White House magnolia tree to be cut back after 182 years

White House magnolia tree to be cut back after 182 yearsIt has survived 39 presidencies and being clipped by a light aircraft, but the ravages of time have proved too much for the massive magnolia tree which was planted at the White House in 1835. The rotting tree has become a safety risk and, taking the advice of the National Arboretum, First Lady Melania Trump has accepted that much of the tree will have to go. The tree, which was planted by Andrew Jackson, has been a backdrop for some of the most momentous events in US presidential history. Franklin Roosevelt and Winston Churchill held talks in the shade of the tree's massive branches. Herbert Hoover presided over cabinet meetings there and Richard Nixon strode past it as he made his way to a helicopter after he left the White House in disgrace. Andrew Jackson Credit: Hulton Archive The magnolia even featured on the back of a $ 20 banknote. In September 1994 a small Cessna aircraft was flown into the tree. While the magnolia lost its largest limb, the White House itself was spared significant damage. As a gesture of goodwill, Barack Obama donated a seedling from the tree to the people of Cuba. The writing had been on the wall for the magnolia – the oldest tree in the White House grounds – for decades, with significant repair work carried out as far back as the 1940s. Workers cut branches from the magnolia tree planted by President Andrew Jackson Credit: Joshua Roberts/Reuters Despite these efforts, according to the National Park Service, the entire north-west portion of the tree has completely decayed, as has much of the magnolia's interior. Since the 1980s the tree has been held up by a combination of a pole and guy wires. Following a study, it was concluded that drastic tree surgery was the only option. "After reviewing the reports, she trusted that every effort had been made to preserve the historic tree, and was concerned about the safety of visitors and members of the press who are often standing right in front of the tree during Marine One lifts," said Stephanie Grisham, Mrs Trump's spokesman. At the First Lady's request wood from the tree will be preserved, as will seedlings to facilitate the planting of a new magnolia. Former first daughter Chelsea Clinton, who grew up in the White House during Bill Clinton's two terms in office, tweeted her thanks late Tuesday to the horticulturists and National Park Service attendants who take care of the White House grounds. The White House is part of a national park. "Thank you @FLOTUS for preserving part of a tree I & so many have treasured," Ms Clinton tweeted to Mrs┬áTrump, using an acronym for "first lady of the United States."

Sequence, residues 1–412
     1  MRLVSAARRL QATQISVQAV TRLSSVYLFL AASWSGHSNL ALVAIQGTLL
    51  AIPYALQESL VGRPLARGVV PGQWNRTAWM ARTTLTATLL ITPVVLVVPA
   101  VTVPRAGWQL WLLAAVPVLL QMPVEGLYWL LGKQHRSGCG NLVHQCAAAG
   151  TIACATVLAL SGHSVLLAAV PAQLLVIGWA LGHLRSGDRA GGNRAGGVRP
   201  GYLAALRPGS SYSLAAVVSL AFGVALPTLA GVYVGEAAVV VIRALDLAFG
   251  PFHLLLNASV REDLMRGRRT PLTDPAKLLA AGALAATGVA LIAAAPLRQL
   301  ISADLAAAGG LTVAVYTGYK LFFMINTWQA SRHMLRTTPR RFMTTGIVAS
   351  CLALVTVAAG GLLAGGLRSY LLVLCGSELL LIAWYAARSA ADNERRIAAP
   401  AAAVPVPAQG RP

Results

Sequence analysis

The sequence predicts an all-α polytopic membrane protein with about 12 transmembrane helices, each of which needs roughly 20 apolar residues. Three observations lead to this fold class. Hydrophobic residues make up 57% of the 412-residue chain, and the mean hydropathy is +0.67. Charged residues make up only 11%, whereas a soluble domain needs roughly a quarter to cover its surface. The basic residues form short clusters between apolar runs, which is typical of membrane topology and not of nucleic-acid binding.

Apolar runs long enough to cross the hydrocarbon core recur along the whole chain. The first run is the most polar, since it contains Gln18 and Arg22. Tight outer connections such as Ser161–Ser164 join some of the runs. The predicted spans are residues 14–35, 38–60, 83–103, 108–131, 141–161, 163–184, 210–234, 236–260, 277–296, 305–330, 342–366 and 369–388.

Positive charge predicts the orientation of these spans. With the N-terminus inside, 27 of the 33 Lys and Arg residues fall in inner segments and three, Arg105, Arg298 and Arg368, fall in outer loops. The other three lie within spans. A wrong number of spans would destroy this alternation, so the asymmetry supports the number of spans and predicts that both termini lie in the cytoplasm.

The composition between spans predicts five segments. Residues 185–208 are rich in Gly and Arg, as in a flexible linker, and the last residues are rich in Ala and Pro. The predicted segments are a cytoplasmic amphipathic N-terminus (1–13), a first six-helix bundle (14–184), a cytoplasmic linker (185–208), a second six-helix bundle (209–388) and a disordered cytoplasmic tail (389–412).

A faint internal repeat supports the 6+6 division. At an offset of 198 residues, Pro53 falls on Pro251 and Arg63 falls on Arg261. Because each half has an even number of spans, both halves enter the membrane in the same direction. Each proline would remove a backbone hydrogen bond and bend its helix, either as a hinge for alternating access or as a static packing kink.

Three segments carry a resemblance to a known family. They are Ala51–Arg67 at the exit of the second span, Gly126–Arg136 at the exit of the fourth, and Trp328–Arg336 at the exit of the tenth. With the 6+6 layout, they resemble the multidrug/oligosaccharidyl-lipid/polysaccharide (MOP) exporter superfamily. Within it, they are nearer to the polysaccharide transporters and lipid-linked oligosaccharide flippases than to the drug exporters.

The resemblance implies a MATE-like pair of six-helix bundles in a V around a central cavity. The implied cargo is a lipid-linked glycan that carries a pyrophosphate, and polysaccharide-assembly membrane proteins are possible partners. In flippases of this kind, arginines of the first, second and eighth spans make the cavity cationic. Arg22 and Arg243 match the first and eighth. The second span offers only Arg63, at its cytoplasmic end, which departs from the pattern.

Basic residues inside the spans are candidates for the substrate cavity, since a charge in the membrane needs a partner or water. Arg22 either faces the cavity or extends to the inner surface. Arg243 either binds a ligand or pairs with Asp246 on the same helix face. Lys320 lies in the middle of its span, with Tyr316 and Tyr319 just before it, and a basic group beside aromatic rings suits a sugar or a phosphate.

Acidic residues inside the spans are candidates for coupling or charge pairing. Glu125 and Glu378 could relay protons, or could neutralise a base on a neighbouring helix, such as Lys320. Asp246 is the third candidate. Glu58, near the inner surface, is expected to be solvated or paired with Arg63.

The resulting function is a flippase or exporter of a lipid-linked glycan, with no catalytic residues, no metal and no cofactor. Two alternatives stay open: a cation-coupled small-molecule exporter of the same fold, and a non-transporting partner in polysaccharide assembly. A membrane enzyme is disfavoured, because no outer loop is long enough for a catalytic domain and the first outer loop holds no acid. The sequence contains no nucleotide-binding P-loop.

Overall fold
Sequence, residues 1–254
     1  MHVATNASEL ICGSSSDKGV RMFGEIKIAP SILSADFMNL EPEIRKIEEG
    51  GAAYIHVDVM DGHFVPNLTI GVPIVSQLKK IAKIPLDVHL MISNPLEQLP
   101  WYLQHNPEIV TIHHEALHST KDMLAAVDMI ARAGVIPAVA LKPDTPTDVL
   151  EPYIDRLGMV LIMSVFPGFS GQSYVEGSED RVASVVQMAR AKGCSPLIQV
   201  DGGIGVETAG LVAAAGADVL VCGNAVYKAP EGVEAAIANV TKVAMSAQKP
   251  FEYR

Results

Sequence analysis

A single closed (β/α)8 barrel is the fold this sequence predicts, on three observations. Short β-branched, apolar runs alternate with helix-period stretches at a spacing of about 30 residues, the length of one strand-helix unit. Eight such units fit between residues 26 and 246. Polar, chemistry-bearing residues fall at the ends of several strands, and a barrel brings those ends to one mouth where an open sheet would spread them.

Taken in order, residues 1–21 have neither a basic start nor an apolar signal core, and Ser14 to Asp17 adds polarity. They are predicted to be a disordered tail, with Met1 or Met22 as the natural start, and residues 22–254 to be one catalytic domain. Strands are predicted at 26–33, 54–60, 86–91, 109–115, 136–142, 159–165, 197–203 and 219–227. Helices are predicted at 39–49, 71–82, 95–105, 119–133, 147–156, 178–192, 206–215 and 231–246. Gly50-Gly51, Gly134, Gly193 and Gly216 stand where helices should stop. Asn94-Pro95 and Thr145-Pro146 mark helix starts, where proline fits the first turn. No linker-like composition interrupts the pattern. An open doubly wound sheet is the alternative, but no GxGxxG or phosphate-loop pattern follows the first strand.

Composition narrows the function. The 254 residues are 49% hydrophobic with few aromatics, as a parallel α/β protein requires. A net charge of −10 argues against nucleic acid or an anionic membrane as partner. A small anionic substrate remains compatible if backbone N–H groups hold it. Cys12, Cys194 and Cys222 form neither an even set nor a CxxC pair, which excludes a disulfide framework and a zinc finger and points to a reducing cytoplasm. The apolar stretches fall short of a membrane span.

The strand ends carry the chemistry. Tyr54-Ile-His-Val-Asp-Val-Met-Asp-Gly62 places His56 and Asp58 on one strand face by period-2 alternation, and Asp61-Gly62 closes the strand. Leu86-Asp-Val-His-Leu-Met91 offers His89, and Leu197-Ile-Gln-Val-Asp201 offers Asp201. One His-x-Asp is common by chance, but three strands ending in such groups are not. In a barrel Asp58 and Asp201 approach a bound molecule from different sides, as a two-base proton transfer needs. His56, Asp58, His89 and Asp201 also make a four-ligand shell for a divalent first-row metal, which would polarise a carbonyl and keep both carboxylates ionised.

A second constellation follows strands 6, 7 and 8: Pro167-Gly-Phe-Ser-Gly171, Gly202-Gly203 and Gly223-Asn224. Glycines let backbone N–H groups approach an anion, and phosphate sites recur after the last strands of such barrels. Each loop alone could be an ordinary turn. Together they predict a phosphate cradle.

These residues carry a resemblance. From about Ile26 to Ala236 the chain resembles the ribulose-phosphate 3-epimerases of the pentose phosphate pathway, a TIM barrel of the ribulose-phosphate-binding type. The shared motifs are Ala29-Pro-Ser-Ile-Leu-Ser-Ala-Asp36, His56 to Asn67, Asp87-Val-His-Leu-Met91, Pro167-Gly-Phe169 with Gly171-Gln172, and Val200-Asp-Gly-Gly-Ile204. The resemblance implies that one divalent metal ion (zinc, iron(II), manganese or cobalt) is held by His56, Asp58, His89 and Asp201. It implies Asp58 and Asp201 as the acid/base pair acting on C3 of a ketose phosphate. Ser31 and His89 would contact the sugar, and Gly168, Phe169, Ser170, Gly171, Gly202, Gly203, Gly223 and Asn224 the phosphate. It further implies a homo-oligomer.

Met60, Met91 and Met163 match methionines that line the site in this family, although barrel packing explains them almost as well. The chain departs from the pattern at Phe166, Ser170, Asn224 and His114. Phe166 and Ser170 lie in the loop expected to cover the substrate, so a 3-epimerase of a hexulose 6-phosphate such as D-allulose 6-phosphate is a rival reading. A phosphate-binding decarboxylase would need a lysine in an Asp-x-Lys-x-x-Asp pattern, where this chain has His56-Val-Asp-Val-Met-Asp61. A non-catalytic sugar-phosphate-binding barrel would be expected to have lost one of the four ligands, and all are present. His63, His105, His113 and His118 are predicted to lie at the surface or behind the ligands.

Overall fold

Yahoo News – Latest News & Headlines